What is multiversion concurrency control?
Multiversion concurrency control (MVCC) is a database optimization technique that creates duplicate copies of records so that data can be safely read and updated at the same time.
With MVCC, DBMS reads and writes don’t block each other.
What are the benefits of an MVCC architecture?
When implemented properly by a DBMS, multiversion concurrency control provides the following benefits:
- Diminished need for database locks
- Fewer database access contention issues
- Improved read access performance
- Continued record isolation for write operations
- Reduced number of database deadlocks
How does an MVCC database work?
While each DBMS vendor is free to implement MVCC in their own way, multiversion concurrency control usually works like this:
- Every database record has a version number
- Concurrent reads happen against the record with the highest version number
- Write operations operate on copy of the record, not the record itself
- Users continue to read the older version while the copy is updated
- After the write operation is successful, the version id is incremented
- Subsequent concurrent reads use the updated version
- When a new update occurs, a new version is again created, continuing the cycle
What is the difference between MVCC vs locking?
Unlike traditional a DMBS, multiversion concurrency control does not lock a record when a write operation is about to occur. Instead, a new version of the record, with an incremented version number, is created.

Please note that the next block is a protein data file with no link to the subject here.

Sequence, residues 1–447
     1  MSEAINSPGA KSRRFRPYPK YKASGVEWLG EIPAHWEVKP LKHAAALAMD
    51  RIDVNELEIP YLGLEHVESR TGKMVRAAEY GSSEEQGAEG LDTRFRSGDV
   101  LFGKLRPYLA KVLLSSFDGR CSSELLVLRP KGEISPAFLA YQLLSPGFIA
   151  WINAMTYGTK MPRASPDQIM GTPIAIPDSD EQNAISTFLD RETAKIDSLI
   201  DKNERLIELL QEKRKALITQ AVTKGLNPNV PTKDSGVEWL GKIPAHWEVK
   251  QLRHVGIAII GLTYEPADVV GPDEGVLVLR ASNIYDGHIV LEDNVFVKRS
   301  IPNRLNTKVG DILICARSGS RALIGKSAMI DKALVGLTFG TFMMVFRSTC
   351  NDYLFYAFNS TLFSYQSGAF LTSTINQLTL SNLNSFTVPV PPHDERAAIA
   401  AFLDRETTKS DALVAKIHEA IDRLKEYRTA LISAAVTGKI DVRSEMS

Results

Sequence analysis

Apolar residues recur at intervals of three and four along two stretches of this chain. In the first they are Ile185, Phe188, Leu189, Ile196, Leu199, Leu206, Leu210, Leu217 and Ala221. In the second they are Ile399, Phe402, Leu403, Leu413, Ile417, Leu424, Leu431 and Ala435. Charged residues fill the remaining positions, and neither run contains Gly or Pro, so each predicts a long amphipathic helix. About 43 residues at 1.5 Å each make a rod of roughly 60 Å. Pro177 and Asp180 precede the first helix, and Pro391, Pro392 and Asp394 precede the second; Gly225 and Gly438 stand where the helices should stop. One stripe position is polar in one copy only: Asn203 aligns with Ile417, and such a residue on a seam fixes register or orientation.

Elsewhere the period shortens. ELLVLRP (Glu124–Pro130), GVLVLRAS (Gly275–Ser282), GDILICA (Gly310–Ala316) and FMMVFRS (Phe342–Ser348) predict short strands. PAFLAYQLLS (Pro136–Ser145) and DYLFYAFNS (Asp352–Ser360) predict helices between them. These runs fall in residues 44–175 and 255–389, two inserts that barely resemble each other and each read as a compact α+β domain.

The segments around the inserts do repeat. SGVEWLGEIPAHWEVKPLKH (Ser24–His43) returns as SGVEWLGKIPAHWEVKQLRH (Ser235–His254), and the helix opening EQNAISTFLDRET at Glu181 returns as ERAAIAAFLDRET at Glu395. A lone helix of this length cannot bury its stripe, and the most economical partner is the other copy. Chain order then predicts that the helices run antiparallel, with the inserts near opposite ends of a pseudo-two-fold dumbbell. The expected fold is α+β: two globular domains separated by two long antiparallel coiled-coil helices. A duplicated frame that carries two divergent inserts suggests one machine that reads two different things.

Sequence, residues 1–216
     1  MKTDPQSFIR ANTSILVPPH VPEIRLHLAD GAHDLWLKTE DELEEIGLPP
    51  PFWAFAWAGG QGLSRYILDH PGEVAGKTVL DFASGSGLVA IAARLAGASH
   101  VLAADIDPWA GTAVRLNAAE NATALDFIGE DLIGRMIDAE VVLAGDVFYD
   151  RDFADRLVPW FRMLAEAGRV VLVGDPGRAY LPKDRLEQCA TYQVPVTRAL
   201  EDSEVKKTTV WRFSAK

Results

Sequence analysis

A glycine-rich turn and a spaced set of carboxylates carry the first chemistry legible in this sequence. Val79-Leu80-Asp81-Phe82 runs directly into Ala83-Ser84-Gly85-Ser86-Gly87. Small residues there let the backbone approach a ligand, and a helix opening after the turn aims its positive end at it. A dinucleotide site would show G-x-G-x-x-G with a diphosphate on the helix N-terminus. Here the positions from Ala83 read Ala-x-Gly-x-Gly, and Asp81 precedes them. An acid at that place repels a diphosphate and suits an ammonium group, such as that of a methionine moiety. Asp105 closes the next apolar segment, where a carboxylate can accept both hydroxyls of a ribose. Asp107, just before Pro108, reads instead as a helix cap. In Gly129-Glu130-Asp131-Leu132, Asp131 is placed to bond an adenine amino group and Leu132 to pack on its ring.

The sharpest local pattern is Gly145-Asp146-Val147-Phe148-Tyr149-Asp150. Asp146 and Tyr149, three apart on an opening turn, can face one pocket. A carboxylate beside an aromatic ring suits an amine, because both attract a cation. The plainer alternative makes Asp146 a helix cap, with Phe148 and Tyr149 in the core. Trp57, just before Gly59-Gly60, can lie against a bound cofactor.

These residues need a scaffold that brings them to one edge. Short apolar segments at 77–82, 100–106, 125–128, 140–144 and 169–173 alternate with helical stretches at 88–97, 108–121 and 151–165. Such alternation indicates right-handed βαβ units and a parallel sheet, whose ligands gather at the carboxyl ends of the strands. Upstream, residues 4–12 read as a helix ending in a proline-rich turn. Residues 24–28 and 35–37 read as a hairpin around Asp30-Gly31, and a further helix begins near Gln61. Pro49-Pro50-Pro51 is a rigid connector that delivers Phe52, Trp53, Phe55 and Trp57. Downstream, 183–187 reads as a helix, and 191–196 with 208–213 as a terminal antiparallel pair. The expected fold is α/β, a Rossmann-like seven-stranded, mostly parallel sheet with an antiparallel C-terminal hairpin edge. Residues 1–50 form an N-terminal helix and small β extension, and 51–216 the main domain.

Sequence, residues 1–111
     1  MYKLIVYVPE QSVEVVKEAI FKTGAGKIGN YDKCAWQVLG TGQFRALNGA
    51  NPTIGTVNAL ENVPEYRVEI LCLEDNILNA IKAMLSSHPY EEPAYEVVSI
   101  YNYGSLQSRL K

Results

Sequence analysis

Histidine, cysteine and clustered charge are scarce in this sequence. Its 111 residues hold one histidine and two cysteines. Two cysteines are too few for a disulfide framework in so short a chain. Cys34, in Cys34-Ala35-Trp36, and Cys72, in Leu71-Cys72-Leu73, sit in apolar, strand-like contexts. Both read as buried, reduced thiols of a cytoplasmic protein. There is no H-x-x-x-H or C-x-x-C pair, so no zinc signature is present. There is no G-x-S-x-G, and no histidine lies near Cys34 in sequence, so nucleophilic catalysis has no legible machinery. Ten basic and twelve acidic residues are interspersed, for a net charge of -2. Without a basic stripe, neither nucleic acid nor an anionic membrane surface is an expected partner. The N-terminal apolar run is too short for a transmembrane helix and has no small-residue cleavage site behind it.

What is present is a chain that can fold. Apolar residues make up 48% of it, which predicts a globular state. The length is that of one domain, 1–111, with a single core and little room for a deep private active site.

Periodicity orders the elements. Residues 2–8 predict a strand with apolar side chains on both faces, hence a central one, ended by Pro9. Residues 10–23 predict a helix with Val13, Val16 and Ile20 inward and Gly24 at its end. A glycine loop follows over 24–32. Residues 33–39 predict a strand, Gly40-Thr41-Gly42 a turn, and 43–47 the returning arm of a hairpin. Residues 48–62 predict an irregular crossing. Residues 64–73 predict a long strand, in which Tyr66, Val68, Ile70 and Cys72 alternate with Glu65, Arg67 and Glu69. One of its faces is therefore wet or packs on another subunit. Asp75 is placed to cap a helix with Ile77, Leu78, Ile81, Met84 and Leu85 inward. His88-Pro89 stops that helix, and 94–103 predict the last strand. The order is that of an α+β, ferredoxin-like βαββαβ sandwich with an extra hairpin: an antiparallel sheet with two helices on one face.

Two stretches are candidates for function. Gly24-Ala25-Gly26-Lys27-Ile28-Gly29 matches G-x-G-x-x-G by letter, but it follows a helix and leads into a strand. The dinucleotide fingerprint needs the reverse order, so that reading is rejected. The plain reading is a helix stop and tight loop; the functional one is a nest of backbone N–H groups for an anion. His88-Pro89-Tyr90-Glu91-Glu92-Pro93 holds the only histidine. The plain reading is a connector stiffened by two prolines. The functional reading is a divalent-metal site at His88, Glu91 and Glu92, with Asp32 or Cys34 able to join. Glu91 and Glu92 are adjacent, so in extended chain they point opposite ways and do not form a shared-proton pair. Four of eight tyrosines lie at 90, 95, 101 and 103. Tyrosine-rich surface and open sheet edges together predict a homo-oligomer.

Users can continue to read the old version of the record while the new record is transitionally edited and updated. This eliminates the need for locks, and it eliminates contention and deadlock issues.
When the new version of the record is committed to the database, all future read operations will work on the updated version. New write operations will again create a new version, continuing the cycle.
What are the drawbacks to multiversion concurrency control (MVCC)?
While MVCC offers many benefits, there are two key drawbacks to multiversion concurrency control:
- Concurrent update control methods are difficult to implement
- The database will grow in size and become bloated by multiple versions of DBMS records
For the user, or even the developer, the complexity associated with the implementation of MVCC concurrency control methods is completely hidden, as the functionality is provided by the database vendor.
The developer can write SQL, and the end user can consume applications as they normally would. The fact that the DBMS uses multiversion concurrency control behind the scenes is completely transparent to them.
PostgreSQL MVCC multiversion concurrency control
Every vendor has their own strategy for minimizing the main drawback of MVCC, which is the ever expanding size of the database given the number of record versions that can get created.
To deal with version bloat, a PostgreSQL MVCC database uses process, cleverly named VACCUM, to identify and delete duplicate records created by the multiversion concurrency control process that are no longer needed.
Addressing the MVCC database space exceeded problem
The PostgreSQL MVCC VACCUM process solves the version bloat problem, but it can be resource intensive when it runs, causing locks of its own as it inspects the state of each record in the database.
Despite the fact that it may consume extra resources, RDBMS admins should not turn PostgreSQL MVCC VACCUM process off, or else the system will eventually generate an MVCC database space exceeded error, and the database will need to be taken offline in order to resolve it.